Editorial

On Oct. 14, Gov. Gray Davis signed into law California Assembly Bill 25. The bill was one of hundreds given the OK just before the midnight deadline by which Davis had to authorize or veto bills passed by the state legislature this year.

The bill expands domestic partners’ rights for same-sex couples, and for opposite-sex couples in which at least one member is over the age of 62. With the enactment of this bill, California moves to the forefront of the national debate over gay rights — and it is a well-chosen step.

Indeed, such legislation is long overdue. We commend Davis for signing the controversial bill despite protest by many groups.

Under the new legislation, couples registered as domestic partners gain new rights formerly only afforded to married couples. Among these, they will be able to administer each other’s estates, inherit property from a deceased partner without a will, sue for wrongful death on behalf of a partner and adopt a partner’s child using the step-parent adoption process.

We welcome this legislation because it allows for treatment of committed gay couples in the same ways that married straight couples are. While this law does not legalize gay marriage — which is expressly prohibited under the California Constitution — it dodges that thorny issue and still allows for the pragmatic benefits of partnership.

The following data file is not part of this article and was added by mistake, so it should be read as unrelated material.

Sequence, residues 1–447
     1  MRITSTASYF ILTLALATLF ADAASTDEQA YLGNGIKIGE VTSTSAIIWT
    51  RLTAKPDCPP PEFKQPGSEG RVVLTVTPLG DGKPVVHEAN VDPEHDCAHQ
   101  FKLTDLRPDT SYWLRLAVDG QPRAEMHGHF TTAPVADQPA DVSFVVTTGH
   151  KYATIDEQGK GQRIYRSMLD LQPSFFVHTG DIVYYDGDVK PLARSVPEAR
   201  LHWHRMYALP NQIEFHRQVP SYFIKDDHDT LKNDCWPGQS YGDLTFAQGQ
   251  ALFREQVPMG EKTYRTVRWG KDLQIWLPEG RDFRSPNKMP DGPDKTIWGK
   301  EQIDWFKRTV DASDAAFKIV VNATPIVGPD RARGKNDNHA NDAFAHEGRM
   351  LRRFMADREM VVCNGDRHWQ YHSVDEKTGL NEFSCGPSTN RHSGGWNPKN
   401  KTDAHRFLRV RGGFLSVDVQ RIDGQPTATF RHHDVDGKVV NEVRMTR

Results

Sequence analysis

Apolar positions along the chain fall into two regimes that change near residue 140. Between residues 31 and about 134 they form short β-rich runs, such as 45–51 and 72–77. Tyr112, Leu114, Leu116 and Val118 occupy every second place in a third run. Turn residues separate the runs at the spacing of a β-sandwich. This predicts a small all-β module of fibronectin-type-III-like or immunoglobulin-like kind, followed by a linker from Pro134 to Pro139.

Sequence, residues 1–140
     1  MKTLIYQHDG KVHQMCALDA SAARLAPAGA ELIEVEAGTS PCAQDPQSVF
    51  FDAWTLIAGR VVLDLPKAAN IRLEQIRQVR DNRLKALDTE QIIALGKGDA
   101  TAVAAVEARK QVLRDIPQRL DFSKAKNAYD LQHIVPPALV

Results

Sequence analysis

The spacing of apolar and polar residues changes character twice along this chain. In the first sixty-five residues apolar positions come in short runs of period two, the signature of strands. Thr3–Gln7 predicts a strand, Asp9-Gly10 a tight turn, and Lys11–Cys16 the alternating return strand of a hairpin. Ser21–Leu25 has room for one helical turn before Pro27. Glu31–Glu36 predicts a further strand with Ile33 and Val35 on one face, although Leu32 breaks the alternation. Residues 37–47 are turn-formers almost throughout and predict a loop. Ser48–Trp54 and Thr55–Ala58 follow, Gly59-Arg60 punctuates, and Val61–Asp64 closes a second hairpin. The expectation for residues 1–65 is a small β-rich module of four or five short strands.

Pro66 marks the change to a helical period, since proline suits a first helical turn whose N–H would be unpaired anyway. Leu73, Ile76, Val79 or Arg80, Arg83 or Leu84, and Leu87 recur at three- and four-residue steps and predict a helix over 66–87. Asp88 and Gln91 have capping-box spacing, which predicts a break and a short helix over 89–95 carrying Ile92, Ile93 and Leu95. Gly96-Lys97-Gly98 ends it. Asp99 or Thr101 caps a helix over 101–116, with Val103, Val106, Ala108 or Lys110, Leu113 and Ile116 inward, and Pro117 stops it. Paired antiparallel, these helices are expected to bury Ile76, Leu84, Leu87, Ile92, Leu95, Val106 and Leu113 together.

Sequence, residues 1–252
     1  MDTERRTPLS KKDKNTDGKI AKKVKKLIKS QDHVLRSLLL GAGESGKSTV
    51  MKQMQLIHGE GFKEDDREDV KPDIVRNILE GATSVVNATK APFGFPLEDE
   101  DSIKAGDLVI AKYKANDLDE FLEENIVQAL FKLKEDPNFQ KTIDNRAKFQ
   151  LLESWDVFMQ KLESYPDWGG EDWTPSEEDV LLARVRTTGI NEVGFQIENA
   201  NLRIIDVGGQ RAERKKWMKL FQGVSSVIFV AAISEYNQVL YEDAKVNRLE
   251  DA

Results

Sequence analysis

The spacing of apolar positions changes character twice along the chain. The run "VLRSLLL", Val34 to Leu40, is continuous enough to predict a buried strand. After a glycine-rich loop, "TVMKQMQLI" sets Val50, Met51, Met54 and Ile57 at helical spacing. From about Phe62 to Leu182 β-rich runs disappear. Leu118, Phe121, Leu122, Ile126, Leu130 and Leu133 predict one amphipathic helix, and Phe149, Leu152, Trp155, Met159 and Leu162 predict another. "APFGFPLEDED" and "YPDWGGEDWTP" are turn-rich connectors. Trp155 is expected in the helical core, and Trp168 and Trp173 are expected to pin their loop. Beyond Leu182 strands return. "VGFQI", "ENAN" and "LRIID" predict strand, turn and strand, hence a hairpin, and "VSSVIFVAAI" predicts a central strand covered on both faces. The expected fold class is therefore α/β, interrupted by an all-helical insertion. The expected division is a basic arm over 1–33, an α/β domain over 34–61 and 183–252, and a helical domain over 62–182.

The bill is also appreciated because it acknowledges that homosexuals are entitled to the same basic rights as heterosexuals and because it legally recognizes that their partnerships are as deserving as those of straight couples.

Especially promising is the provision that essentially permits partners to become stepparents, which legitimizes the validity of nontraditional families.

Critics of AB 25 claim that it is in fact a gay marriage bill under a more palatable name, that the legislation condones purportedly immoral behavior and that the bill denigrates the institution of marriage.

It is unfortunate that such bigotry is still present in California. To pass moral judgment on the actions of others is one thing, but to expect the government to make legislation based on these judgments is ridiculous.

Any law that gives equal protection under the law to a disenfranchised group is beneficial to us all.

We can now only hope that legislation such as this will become the rule and not the exception around the country, and that we as a nation will devote ourselves to ensuring the fair and equitable treatment of all our citizens, thus reaffirming the basic values that make United States a beacon of freedom around the world.

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